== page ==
This week seeks to recognize those who have had their lives disrupted by criminal acts.
May 14 through to May 20 is being recognized as "Victims and Survivors of Crime Week" in Swift Current and was proclaimed as such at Swift Current city council.
Presenting the matter before city council was both Carrie Davis, program coordinator, and Brittni Ford, assistant coordinator, for Victim Services in Swift Current.
"With the theme being 'power of collaboration,' our program also includes an amid assistant, a board of directors and a wonderful team of volunteer support workers all over the southwest," shared Davis.
Victim and Survivors of Crime Week this year is seeking to not only highlight the folks who have had to deal with the effects of criminal acts but also to highlight the folks who help with the aftermath.
"We assist victims and witnesses by providing crisis intervention, information, support and referrals," said Davis. "Such as assisting with victim statements, restitution and compensation forms. Giving victims a voice when they feel theirs hasn't been heard and to give a better picture."
Over the last year, Victim Services was able to assist in 346 individual cases, with the age of those individuals ranging from children to adults.
They assist, mostly through RCMP referrals, in a variety of situations. They helped with many violent offences like assault, threats, and criminal harassment making up 161 of their cases. Less common is assisting with property-related crimes, like break-ins, theft and fraud, which only made up 14.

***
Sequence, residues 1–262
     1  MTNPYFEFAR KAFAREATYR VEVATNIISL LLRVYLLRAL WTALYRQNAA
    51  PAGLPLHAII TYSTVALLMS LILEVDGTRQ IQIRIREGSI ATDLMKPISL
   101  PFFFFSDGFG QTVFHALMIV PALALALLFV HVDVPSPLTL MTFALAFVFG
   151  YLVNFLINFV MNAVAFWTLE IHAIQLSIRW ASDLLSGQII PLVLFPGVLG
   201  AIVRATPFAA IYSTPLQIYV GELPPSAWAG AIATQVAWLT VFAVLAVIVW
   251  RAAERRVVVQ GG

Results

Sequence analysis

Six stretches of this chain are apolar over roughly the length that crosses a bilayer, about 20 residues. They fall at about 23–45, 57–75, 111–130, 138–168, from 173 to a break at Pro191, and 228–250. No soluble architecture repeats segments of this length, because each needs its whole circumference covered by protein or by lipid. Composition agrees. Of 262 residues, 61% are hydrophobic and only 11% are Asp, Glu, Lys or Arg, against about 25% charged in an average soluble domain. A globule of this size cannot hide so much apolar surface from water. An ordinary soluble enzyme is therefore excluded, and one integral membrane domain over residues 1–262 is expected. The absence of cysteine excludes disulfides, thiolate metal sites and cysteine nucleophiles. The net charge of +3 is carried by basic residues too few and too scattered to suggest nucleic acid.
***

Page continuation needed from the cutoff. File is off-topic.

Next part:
"In the last year, we made 331 outside referrals. A large part of the role is to provide court information," Davis said. "Which includes court orders, updates, a compliment to court and court orientation. This is a very overwhelming process to victims."
Victim Services only has two full-time staff members, with the rest of the work being done by 16 volunteers. Those volunteers can be found across the southwest, offering their services to those who need them most.
"It's clear that our program relies on volunteers," stated Davis. "If a coordinator receives a call from RCMP requesting Victim Services at an emergency, but they live an hour away, we would call a volunteer that lives closer if they can't wait for help, and they need help ASAP."
Volunteers need RCMP clearance. That requires a deep look into the past ten years of an individual and can take up to three months to complete.